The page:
True that units are to be stabled overnight elsewhere, Bedford for example where additional sidings have recently been provided, but any maintenence facilities there are very limited.
You have to look at the proportion of units needing depot maintenance at any instant, rather than stabling.

As an analogy, SWT's entire Desiro fleet of 172 units, is allocated to and 'maintained' at Northam (Southampton) depot, which has only 4 covered maintenance roads, and IIRC three stabling sidings. Apparently, individual units only visit 'the depot' only every few weeks, all other running maintenance and exams is done at various stabling locations.

Thameslink's Hornsey and Three Bridges depots similarly include both stabling and maintenance as you'd expect, but the total of maintenance roads across the two depots is still only single figures, without looking up the planning drawings let's say 3 at Hornsey and 5 at Three Bridges.

So trips for maintenance at Hornsey may not be as regular as you'd anticipate for any particular unit.
 

Class377/5

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Thanks everyone for all the information.

Although I did say Gospel Oak in the title, I suppose I did really mean the nearby Carlton Road Junction which would give direct access to Hornsey via GOBLIN from West Hampstead and points north on the MML.

I read about this electrification plan a couple of years back and it appeared a runner then but, as you all have said, things have moved on from then, not least the continuing slippage as to the date the new (and still unordered) Thameslink stock will arrive and their need to access the Hornsey depot. I also understand that using the Canal Tunnels for public services is one of the last deliverables of the Thameslink project, so I guess that will be 2016+. Presumably then there will be a need for the tunnels to be fitted out earlier so that they can be used for ECS movements.

Even with the tunnels in use, it could have been beneficial if the western half of GOBLIN had been electrified as I presume that a number of trains that complete their daily schedule at St Albans, Luton or Bedford may have to return to depot at Hornsey overnight. Without the direct link they will have to head south and then reverse to reach Hornsey. I understand the nearest turning point would be City Thameslink (though someone may wish to correct me on that) - a movement thay may be possible late evening or night but impossible during the day due to the frequency of service.
The use of passenger services via the Canal Tunnels is due in Dec 2018 when the completed London Bridge. The junctions at St Pancras has already been installed with work in the tunnels underway.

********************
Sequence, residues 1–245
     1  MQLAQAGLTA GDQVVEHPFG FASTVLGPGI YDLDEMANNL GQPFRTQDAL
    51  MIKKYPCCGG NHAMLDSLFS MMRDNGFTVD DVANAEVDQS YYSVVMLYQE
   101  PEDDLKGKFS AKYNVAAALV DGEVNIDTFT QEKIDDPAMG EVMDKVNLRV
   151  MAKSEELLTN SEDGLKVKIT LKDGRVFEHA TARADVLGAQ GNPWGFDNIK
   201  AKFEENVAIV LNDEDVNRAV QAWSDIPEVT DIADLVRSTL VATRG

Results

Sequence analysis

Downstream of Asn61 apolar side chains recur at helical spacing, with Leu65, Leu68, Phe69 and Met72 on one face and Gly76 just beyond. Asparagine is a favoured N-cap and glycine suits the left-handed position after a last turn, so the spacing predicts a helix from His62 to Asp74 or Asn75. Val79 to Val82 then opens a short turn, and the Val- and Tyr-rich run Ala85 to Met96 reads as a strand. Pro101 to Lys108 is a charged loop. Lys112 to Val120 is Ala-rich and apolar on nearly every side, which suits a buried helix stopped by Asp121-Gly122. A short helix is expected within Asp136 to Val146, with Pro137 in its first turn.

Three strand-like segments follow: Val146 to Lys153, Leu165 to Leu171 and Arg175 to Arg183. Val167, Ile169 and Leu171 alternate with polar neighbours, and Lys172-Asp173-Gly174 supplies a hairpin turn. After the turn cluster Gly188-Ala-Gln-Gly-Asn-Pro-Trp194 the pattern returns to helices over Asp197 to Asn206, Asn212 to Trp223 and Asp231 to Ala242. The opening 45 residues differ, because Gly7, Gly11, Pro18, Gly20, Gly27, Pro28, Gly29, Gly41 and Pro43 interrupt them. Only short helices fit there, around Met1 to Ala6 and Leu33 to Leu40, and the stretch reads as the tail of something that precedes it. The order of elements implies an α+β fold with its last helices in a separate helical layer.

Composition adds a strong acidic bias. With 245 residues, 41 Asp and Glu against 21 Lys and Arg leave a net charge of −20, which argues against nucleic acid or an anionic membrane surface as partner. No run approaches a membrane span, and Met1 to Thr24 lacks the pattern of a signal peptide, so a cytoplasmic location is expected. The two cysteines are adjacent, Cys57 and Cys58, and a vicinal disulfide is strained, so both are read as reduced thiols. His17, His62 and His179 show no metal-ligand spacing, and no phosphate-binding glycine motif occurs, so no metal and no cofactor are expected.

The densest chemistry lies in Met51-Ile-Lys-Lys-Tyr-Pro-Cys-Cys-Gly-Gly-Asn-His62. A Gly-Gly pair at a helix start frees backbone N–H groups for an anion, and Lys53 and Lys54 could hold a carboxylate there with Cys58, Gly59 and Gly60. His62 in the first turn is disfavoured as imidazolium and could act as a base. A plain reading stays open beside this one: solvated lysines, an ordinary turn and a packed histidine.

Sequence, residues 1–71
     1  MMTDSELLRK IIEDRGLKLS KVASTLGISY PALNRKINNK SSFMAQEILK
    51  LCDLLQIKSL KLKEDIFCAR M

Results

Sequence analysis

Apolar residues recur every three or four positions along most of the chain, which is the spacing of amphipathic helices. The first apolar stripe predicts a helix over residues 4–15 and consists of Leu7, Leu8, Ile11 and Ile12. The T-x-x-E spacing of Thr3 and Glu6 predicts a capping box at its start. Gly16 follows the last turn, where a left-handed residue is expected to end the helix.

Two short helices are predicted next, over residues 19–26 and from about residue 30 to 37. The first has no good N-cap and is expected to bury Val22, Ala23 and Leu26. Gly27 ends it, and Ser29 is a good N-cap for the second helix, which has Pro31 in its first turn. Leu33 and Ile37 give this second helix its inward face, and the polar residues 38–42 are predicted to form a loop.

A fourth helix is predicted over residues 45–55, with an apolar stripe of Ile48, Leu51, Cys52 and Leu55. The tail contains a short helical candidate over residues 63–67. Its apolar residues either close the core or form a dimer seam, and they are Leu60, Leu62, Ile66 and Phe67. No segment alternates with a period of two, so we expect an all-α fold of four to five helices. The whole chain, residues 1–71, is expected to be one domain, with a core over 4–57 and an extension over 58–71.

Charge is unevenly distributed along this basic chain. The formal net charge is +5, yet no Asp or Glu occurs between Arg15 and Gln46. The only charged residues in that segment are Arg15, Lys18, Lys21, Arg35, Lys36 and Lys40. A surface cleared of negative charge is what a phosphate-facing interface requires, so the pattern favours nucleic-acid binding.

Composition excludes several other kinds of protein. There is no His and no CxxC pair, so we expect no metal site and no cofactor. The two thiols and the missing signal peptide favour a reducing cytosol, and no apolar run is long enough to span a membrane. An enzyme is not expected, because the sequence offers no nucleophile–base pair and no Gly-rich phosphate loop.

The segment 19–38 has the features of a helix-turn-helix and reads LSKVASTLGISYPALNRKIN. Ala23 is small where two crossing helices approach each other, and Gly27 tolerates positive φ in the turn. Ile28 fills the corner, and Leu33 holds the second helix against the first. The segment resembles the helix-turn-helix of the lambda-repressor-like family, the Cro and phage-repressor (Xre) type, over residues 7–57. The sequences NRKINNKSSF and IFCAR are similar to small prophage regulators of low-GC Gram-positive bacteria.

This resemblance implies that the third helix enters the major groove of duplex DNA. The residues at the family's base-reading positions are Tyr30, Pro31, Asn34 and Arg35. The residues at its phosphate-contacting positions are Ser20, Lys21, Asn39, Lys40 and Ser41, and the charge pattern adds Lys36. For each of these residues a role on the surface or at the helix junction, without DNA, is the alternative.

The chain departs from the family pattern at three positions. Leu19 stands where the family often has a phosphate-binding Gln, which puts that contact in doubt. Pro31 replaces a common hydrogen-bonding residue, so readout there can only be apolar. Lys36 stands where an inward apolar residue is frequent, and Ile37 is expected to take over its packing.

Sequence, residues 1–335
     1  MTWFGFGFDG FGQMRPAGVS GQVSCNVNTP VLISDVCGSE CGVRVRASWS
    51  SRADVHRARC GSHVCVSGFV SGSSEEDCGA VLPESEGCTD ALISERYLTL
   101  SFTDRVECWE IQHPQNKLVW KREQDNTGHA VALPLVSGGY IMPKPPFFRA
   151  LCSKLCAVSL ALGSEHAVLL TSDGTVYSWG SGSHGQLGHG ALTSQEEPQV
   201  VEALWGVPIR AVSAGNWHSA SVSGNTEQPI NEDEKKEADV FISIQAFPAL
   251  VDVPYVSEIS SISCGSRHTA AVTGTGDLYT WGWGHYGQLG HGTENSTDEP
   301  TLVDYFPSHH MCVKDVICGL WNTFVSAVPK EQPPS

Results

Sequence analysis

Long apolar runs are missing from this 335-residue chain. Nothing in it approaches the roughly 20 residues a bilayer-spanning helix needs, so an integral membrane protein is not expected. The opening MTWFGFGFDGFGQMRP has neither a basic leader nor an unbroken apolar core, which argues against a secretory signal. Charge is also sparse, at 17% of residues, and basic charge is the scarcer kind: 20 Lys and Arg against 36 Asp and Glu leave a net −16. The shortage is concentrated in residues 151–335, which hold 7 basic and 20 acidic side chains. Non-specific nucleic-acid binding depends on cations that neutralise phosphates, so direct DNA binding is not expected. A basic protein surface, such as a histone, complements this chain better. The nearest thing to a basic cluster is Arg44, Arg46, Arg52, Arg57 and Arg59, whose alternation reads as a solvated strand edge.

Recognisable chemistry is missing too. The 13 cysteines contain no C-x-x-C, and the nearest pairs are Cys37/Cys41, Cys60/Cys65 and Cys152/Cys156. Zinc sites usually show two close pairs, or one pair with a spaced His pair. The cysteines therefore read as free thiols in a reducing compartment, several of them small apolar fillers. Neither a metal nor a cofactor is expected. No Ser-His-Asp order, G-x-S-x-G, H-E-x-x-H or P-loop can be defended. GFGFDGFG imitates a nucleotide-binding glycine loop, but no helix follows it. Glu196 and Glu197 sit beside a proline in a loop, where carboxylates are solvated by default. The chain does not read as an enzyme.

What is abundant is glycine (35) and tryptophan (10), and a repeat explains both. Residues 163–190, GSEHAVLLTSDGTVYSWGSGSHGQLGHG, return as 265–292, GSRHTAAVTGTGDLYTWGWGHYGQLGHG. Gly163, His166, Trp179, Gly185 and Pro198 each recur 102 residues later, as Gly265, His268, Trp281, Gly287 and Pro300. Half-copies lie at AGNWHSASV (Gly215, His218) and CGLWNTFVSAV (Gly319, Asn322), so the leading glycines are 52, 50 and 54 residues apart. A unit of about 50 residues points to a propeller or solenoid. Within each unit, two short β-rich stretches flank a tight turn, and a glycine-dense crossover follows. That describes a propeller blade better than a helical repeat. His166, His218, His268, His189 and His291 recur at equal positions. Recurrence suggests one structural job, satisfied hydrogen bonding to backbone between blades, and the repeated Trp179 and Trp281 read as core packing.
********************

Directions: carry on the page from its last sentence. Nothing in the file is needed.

The nearest turning point is actually around St Pancras. There is a crossover to the north of the station allowing the changeover to be there. Note that the new new units need to access Hornsey as much at first as the idea is to replace all the Thameslink fleet first so they will be based at Three Bridges depot (tho stabled everywhere else). There will be limited need for units to be on the GN expect testing on the Hertford Loop at night.

It had thought such trains would continue using the current depots and the new one at Hornsey only served to house the additional trains needed for the new ECML services.
I am always happy to be corrected but my understanding was that the whole new Thamslink fleet was to maintained at Hornsey and Three Bridges. These were to be the only two maintenence depots.

True that units are to be stabled overnight elsewhere, Bedford for example where additional sidings have recently been provided, but any maintenence facilities there are very limited.
You have to look at the proportion of units needing depot maintenance at any instant, rather than stabling.

As an analogy, SWT's entire Desiro fleet of 172 units, is allocated to and 'maintained' at Northam (Southampton) depot, which has only 4 covered maintenance roads, and IIRC three stabling sidings. Apparently, individual units only visit 'the depot' only every few weeks, all other running maintenance and exams is done at various stabling locations.

Thameslink's Hornsey and Three Bridges depots similarly include both stabling and maintenance as you'd expect, but the total of maintenance roads across the two depots is still only single figures, without looking up the planning drawings let's say 3 at Hornsey and 5 at Three Bridges.

So trips for maintenance at Hornsey may not be as regular as you'd anticipate for any particular unit.
Very true, as SWT says, units may not see Hornsey for long periods. Hell it could be possible a unit never sees major works there and is seem to by Three Bridges (very unlikely but not impossible).